The ordo for the consecration of abbesses and abbots has been the subject of more general studies, sometimes inclusive of both Eastern and Western practices, by liturgical and monastic historians, notably Jules Baudot, Pierre Salmon, Robert Somerville, Armand Vielleux, Urbanus Bomm, and Adrien Nocent.Footnote 6 More recently, the consecration rite for abbesses has attracted the attention of scholars interested in tracking the history of women's ordination through the medieval period, such as Gary Macy and Mary Schaefer.Footnote 7 Beyond Schaefer's close textual analysis of the ordines for a woman deacon, monastic abbess, and canonical abbess from the PRG tradition, the development of the consecration rite for abbesses has yet to be studied intensively within a fixed geographical locale and chronological period or comparatively with the rite for abbots. This is the aim of my study. The fundamental questions that I seek to answer are: How did the consecration rite for abbots and abbesses change over time? What historical circumstances prompted these changes? What normative ideals for the abbatial office did the rite articulate? How did the rite's prayers, insignia, chants, and ritual actions construct and impress the temporal and spiritual authorities of abbesses and abbots? How were these authorities constructed and impressed differently when the rite divided along gender lines? And what effect did the new ordo have on the ways in which abbesses of Benedictine monasteries in central medieval England materially fashioned and displayed their own authorities through objects such as conventual and personal seals, monumental sculptures, and burial goods?

Frankish Sacramentaries

The earliest evidence for the consecration rite for an abbess or abbot in the Western church survives in ninth-century manuscripts of the Gregorian Sacramentary.Footnote 8 It consists of only one prayer, “Concede quesumus omnipotens deus,” and it is succinct in its request for the bestowal of God's gift of grace on the recently elected abbess or abbot.Footnote 9 Given the widespread influence that the Gregorian Sacramentary came to exert over Western liturgical rites, this prayer would have an enduring afterlife, often appearing with only slight variation as the opening prayer in the collections of prayers that would constitute the consecration rite in later sacramentaries and episcopal books produced across the Continent and in England.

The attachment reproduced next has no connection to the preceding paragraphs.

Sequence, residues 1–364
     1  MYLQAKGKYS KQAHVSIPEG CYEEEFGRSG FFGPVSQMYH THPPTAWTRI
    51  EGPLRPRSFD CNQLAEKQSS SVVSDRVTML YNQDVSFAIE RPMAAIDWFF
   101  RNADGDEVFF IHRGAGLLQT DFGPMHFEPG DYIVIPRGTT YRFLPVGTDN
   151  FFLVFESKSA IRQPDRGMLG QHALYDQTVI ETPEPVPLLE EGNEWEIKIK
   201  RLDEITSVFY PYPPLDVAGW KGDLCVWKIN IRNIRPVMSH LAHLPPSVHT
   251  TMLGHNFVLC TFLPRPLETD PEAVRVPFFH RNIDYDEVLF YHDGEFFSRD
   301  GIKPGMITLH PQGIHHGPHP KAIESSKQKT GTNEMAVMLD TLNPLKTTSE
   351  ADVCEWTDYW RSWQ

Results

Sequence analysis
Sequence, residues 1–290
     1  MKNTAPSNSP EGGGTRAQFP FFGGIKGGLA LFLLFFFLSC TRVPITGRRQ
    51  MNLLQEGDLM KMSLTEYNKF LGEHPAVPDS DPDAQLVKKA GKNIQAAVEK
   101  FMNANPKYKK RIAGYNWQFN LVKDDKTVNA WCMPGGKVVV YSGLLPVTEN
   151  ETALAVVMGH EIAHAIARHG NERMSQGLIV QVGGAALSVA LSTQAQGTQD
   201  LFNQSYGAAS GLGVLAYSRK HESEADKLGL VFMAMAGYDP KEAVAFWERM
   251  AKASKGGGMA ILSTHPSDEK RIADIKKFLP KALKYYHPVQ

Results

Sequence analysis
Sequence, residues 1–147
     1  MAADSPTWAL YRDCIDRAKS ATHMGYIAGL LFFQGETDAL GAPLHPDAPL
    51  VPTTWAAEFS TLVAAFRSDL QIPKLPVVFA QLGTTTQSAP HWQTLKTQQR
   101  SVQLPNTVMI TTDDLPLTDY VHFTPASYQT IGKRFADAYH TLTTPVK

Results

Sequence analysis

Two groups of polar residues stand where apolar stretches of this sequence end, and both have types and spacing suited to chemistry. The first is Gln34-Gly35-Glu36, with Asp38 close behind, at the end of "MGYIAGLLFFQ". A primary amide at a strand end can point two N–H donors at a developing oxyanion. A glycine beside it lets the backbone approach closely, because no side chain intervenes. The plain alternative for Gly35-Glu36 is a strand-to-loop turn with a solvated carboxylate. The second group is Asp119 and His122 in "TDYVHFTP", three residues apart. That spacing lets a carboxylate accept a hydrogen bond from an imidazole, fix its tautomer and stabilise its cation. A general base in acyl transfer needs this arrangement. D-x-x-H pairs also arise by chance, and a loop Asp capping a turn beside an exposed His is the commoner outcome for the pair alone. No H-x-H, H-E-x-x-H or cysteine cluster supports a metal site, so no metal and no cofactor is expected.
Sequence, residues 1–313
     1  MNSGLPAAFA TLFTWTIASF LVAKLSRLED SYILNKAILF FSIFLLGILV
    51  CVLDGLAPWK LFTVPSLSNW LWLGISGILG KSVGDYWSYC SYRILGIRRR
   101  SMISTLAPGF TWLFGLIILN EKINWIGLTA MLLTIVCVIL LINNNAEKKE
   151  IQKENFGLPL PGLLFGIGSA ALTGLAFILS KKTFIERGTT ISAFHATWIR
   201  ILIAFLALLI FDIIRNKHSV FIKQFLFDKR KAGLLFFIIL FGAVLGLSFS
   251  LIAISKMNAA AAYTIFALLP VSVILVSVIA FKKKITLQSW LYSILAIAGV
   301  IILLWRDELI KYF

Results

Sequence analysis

In eighth- and ninth-century Frankish sacramentaries, the consecration rite “tended to vary and become more complex,” as Adrien Nocent has observed.Footnote 10 The prayers found in the late eighth-century Gellone Sacramentary and the early ninth-century Phillipps Sacramentary illustrate well some of the early additions made to the rite.Footnote 11 The collections of prayers in both sacramentaries are headed by two different rubrics. The first, “oratio ad abbatem faciendum,” precedes the Gregorian prayer mentioned above,Footnote 12 and the second, “oratio quando abbas vel abbatissa ordinatur in monasterio,” precedes three prayers that appear to be alternate forms of blessing, as the second and third prayers are respectively headed by the rubrics, “item alia benedictio” and “item alia.” The first prayer, “Cunctorum institutor deus qui per moysen” could be applied to either an abbot or an abbess, as the appropriate grammatical forms were supplied for both. It opened by recalling the Old Testament patriarch Moses's role in “governing the churches” that God had instituted. God was then asked to help the newly elect shepherd the flock entrusted to his/her care, so that at the end of his/her service, he/she might merit to hear the words spoken by the lord to the two enterprising servants in the parable of the talents: “Well done, good and faithful servant, since you have been faithful over a few things, you will be established over greater things. Enter into the joy of your lord” (Matt 25:21, 23; Luke 19:17).Footnote 13 The prayer's opening association between Moses's and an abbot's/abbess's governance would have recalled a similar comparison made near the beginning of one of the consecration prayers used for the ordination of a bishop found in the Gregorian, Gellone, and Phillipps Sacramentaries.Footnote 14 This textual borrowing suggests a close kinship between the temporal and spiritual authorities envisioned for a bishop and an abbot/abbess. In the Gellone and Phillips Sacramentaries, this kinship would have been strengthened further in the consecration rite's third and final prayer through an allusion to the abbess's cathedra. As we will see, in later episcopal books, the prayers used for the bestowal of the pastoral staff and ring on an abbot/abbess also would have encouraged the affiliation of abbatial and episcopal authorities given their extensive borrowings from the prayers recited during the bestowal of the same insignia at a bishop's ordination. These ritual correspondences likely would not have been lost on those present at an abbot's/abbess's consecration, least of all on the presiding bishop, for he was to invest the elect with an authority made very much in his own image.